The Drama department in my school has a system that is effective and has worked since before I joined. If, however, OFSTED were suddenly to spring a visit on us during the assessment period we would all have to stop what we were doing and teach completely different lessons. We'd have to cram as many gimmicks in as possible and the assessment work would have to be forgotten because having one of those rehearsal lessons would not score you very high. How does this make sense? If the rehearsal process is part of what we do in the Drama department then changing it just because OFSTED turn up is surely dishonest. Why should how we teach all year round suddenly change just because HM inspectors turn up wanting to be entertained? Surely it is better for them to see what we actually do day in and day out. We have lesson plans and schemes of work to show them what learning has been taking place if they want to see it. Why should we then totally alter how we deliver lessons?

The problem is that the OFSTED criteria would not allow for us to pass with anything more than a satisfactory should they see one of the rehearsal lessons even though the lesson is a valid part of the way we deliver Drama. Instead we have to lie. We have to tell OFSTED what they want to hear. This cannot be right. How can OFSTED get a real picture of what is going on in the world of education when the schools are forced to change what they actually do in order to get a good mark? Something is desperately wrong when a valid method of teaching is considered to be inferior to a one off "bells and whistles" lesson that most pupils will forget weeks later and have little or no impact on their learning. For OFSTED it doesn't matter though, they obviously don't live in the real world and have the power to bend reality to their whims.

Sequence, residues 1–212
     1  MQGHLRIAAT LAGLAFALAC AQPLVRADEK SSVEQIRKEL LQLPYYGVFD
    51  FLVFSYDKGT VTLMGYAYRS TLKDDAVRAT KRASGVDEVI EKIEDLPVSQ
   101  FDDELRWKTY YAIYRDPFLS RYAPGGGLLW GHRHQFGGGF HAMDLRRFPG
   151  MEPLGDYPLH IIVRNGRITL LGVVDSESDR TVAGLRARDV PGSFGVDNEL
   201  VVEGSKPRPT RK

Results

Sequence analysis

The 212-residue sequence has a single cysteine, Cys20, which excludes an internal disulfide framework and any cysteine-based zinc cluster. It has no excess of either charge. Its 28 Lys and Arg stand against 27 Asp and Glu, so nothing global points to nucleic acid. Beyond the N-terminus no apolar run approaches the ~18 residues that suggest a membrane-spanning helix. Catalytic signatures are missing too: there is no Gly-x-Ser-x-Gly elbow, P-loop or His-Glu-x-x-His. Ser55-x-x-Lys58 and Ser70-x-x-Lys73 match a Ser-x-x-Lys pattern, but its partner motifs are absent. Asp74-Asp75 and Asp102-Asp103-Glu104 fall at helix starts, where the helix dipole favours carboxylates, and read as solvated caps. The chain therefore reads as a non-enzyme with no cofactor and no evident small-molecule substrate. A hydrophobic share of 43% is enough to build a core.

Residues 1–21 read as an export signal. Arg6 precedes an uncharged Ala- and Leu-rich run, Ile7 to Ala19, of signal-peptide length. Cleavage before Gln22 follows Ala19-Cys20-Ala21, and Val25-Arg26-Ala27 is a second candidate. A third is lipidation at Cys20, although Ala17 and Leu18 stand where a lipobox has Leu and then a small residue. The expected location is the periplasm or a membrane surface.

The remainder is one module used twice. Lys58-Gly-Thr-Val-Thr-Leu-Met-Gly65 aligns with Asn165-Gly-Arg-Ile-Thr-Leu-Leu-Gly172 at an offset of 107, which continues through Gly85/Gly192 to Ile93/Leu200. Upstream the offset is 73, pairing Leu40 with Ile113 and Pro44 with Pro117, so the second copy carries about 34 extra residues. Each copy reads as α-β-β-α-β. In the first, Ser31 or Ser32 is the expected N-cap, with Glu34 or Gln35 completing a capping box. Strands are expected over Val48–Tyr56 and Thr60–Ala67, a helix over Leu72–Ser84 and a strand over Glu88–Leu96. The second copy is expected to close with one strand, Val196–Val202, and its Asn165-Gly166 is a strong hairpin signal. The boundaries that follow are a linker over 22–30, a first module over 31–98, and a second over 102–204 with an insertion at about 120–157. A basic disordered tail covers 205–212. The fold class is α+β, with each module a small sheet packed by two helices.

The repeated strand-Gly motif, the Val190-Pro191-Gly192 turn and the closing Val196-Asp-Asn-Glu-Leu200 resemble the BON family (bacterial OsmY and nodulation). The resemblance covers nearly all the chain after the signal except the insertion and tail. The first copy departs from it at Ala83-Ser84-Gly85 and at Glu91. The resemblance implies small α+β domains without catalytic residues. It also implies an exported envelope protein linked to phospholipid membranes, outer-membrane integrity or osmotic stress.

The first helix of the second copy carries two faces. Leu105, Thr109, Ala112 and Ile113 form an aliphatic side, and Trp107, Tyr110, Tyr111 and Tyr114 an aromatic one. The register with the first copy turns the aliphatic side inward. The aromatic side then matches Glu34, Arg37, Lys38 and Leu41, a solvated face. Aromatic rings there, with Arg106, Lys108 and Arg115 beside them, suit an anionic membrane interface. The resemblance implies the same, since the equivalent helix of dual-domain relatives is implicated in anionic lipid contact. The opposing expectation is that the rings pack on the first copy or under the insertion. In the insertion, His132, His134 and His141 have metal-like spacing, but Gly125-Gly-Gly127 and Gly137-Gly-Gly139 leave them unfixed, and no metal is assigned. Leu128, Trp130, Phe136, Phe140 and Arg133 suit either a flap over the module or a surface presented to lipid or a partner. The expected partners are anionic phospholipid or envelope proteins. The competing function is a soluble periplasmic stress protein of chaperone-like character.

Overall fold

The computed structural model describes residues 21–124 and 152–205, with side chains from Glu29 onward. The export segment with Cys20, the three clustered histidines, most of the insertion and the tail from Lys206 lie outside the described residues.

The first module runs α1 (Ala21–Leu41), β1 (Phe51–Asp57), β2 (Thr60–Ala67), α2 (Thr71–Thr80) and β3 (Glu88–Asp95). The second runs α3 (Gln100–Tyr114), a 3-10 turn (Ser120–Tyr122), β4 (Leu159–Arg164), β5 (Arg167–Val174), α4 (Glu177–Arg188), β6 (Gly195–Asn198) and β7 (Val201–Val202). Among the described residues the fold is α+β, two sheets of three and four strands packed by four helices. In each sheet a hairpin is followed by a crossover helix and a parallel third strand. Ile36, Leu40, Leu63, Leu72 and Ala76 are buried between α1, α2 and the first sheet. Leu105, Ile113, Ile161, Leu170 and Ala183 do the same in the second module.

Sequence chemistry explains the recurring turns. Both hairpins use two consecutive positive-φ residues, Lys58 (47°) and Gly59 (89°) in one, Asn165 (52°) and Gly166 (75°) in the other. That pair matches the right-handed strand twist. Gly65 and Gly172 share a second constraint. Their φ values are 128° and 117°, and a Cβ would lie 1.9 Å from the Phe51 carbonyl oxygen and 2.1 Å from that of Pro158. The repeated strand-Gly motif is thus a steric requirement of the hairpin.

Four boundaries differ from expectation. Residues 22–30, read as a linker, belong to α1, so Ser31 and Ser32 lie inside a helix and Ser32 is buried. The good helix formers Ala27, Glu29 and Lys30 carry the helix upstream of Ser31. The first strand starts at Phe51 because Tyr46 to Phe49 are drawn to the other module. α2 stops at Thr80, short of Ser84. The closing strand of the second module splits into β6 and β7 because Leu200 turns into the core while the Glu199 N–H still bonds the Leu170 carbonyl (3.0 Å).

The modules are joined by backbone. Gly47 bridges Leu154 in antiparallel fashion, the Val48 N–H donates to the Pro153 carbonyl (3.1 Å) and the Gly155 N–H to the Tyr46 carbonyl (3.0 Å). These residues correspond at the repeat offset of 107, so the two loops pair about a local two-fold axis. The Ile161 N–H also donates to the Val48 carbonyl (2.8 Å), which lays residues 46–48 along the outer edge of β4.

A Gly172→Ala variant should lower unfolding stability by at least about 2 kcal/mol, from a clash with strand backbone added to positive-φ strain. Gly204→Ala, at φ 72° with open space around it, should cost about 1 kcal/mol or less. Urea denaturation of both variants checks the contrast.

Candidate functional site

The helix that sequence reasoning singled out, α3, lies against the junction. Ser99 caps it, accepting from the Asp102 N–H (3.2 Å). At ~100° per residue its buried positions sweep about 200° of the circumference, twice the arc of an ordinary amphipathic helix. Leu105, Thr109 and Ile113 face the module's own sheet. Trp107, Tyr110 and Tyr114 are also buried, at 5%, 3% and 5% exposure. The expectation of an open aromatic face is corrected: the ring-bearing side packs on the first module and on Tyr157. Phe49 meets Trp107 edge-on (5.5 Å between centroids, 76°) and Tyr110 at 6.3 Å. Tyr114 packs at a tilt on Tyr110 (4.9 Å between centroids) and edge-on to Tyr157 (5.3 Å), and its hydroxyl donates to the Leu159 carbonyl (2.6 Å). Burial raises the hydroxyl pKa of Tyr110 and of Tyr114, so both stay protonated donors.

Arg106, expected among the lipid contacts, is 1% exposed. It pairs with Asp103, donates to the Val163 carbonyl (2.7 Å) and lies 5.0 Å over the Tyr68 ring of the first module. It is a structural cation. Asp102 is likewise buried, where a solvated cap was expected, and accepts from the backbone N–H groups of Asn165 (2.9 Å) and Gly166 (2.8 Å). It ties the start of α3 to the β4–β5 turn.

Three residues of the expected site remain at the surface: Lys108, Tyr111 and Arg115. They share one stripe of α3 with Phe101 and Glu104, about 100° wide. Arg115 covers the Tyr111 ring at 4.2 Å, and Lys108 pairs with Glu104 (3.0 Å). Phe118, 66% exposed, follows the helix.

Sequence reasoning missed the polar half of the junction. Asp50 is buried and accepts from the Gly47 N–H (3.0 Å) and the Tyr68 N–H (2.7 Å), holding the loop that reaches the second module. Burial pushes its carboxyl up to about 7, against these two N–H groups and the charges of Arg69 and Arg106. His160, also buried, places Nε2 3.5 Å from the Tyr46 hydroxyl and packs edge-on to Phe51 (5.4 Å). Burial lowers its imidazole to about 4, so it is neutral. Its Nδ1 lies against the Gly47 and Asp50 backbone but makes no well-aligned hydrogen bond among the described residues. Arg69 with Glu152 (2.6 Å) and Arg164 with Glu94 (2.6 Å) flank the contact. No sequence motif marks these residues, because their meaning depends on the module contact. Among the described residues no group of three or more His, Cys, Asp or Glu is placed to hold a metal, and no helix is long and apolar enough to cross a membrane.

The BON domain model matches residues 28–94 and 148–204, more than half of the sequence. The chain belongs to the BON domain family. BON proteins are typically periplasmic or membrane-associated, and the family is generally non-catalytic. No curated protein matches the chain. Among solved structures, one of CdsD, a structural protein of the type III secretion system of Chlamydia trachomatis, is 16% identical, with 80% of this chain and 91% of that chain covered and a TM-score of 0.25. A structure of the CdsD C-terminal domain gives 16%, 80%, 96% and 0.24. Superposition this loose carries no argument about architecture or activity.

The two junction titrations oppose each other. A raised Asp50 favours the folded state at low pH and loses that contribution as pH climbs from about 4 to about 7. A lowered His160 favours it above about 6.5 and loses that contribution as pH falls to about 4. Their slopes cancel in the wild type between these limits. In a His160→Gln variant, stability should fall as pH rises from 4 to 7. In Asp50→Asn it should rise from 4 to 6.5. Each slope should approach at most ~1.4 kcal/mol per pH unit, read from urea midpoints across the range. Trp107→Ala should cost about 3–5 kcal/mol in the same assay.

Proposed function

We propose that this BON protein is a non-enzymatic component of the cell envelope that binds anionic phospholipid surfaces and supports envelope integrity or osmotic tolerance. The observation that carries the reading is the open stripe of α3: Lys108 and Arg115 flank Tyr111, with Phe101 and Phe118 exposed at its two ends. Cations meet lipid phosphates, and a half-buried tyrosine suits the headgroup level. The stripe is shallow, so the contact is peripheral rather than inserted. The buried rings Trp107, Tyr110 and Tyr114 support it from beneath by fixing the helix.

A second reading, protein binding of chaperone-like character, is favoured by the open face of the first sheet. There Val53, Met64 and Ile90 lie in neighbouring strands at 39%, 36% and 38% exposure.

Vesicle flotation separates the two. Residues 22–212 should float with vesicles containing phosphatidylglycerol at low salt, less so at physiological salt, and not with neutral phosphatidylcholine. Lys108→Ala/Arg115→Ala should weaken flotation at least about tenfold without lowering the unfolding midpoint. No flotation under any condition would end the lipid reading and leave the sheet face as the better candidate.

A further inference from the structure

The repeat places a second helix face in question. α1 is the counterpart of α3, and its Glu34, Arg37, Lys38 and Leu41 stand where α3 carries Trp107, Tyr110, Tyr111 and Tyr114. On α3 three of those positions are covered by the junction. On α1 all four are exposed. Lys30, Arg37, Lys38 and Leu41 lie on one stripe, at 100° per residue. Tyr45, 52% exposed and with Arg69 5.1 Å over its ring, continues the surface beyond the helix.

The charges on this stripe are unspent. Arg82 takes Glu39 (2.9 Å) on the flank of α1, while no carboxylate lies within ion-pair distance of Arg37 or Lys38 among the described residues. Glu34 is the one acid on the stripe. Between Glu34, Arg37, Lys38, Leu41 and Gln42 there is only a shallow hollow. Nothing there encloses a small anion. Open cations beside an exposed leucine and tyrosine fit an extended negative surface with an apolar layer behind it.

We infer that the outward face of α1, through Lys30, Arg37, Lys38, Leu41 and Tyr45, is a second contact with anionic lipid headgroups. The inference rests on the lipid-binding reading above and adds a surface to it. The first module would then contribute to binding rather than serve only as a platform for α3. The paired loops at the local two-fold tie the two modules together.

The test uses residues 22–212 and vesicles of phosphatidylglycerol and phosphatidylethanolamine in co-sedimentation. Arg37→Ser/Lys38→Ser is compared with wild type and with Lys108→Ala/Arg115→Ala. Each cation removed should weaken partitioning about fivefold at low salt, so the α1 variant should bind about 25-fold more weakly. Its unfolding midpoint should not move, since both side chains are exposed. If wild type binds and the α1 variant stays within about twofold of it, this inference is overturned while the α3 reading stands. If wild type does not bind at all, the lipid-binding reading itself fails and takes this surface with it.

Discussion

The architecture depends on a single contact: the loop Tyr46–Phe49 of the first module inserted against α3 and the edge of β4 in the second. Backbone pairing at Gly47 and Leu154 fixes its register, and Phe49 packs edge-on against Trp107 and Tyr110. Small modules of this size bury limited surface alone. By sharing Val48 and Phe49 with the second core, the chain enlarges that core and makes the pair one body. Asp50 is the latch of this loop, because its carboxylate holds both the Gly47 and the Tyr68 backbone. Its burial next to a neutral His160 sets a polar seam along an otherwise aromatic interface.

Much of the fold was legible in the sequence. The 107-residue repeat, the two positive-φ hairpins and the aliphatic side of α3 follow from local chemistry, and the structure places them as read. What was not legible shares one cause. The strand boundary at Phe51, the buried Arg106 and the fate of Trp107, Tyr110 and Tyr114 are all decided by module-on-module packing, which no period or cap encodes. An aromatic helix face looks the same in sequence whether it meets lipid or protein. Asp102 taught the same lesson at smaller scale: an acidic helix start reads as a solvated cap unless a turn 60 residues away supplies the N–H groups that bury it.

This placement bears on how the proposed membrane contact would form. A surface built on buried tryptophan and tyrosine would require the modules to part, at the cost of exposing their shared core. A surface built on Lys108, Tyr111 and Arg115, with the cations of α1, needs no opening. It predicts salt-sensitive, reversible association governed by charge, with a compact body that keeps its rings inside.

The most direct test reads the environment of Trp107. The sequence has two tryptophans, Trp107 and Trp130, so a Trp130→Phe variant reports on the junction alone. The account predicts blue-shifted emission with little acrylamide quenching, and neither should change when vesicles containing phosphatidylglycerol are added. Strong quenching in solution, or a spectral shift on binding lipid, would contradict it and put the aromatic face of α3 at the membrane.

The worst thing about this is that teachers still need to be validated OFSTED and will do what they need to do to jump through their hoops. Who benefits? Surely not the kids, that is for certain.